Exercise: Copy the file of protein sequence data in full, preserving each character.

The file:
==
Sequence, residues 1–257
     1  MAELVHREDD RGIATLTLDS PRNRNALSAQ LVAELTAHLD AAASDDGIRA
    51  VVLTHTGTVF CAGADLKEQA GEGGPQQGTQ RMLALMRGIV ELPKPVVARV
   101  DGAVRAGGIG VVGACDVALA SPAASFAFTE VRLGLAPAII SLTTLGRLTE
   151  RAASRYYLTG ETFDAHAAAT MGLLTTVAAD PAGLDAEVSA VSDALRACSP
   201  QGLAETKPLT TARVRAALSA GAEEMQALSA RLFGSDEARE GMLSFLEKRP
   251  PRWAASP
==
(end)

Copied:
Sequence, residues 1–257
     1  MAELVHREDD RGIATLTLDS PRNRNALSAQ LVAELTAHLD AAASDDGIRA
    51  VVLTHTGTVF CAGADLKEQA GEGGPQQGTQ RMLALMRGIV ELPKPVVARV
   101  DGAVRAGGIG VVGACDVALA SPAASFAFTE VRLGLAPAII SLTTLGRLTE
   151  RAASRYYLTG ETFDAHAAAT MGLLTTVAAD PAGLDAEVSA VSDALRACSP
   201  QGLAETKPLT TARVRAALSA GAEEMQALSA RLFGSDEARE GMLSFLEKRP
   251  PRWAASP